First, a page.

Sacramento City Council Discusses Ways to Shelter Homeless Before Winter Hits

SACRAMENTO -- Four months ago, dinner would have looked different for Ella Mollique and her mother. There would have been two china plates on a dinner table at home instead of paper ones at a free community meal served on the grounds of Sacramento's City Hall.

Four months ago Ella and her mother weren't homeless.

Ella Mollique says homelessness has made her feel "stressed out."

Being evicted after complaining about repairs their landlord wasn't making at their Stockton Boulevard apartment is what Mollique says paved their route to living in shelters and relying on others for food.

That's why Mollique is behind the support council members' voiced Tuesday for city staff's work on proposals that could add 300 beds to existing shelter space available for the winter months.

The plan in the works could spend almost $1 million county and city dollars on beds to be opened up by First Step Communities and a yet to be determined group that could replace the current winter sanctuary.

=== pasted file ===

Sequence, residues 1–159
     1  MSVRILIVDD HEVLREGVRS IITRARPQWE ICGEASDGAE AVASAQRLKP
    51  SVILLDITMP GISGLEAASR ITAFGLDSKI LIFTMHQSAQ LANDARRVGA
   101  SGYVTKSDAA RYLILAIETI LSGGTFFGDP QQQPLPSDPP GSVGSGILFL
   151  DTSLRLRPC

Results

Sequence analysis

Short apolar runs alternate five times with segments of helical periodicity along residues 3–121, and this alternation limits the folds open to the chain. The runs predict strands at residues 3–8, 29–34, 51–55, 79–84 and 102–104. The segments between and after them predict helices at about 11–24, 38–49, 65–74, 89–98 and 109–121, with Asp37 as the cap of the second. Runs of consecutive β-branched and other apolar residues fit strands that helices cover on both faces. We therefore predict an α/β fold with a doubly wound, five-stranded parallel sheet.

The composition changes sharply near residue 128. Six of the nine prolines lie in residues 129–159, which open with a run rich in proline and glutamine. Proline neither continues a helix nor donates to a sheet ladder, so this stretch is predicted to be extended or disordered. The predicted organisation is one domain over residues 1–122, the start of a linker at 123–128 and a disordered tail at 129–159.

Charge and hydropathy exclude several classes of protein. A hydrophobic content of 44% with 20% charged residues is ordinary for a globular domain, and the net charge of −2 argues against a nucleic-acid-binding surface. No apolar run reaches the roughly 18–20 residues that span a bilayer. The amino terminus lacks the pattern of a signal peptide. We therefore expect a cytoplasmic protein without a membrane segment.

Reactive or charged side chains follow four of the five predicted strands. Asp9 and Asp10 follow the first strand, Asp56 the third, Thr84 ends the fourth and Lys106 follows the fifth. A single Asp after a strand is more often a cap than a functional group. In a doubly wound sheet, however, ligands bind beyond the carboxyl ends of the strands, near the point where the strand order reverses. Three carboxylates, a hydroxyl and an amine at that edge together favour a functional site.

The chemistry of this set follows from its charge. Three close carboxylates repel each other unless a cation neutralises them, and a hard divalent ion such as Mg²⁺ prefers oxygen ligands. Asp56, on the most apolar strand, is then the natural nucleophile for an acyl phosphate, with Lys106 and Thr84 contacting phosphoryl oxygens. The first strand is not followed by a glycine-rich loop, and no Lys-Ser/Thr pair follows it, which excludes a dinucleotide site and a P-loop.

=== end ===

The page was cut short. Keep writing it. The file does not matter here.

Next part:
"It's a start, but that puts it into more shelters right, but that's only a temporary solution," said Les Light, a community dinner volunteer.

A repeat critique among homeless advocates. Council members did encourage city staff to keep pursuing a possible, more permanent offering -- a 24/7 triage shelter that could service 200 men and women.

"I worry often that we're gonna set down a path, that we won't, that people will depend on us, and we won't have the resources to meet their need. Makes me nervous, makes me lose sleep. Doesn't mean we don't do it, but it means we have to have the right partners in place," said Councilwoman Angelique Ashby.

Costs in the first year could run close to $6 million between construction and operation.

An estimated 2,000 people are unsheltered tonight in Sacramento.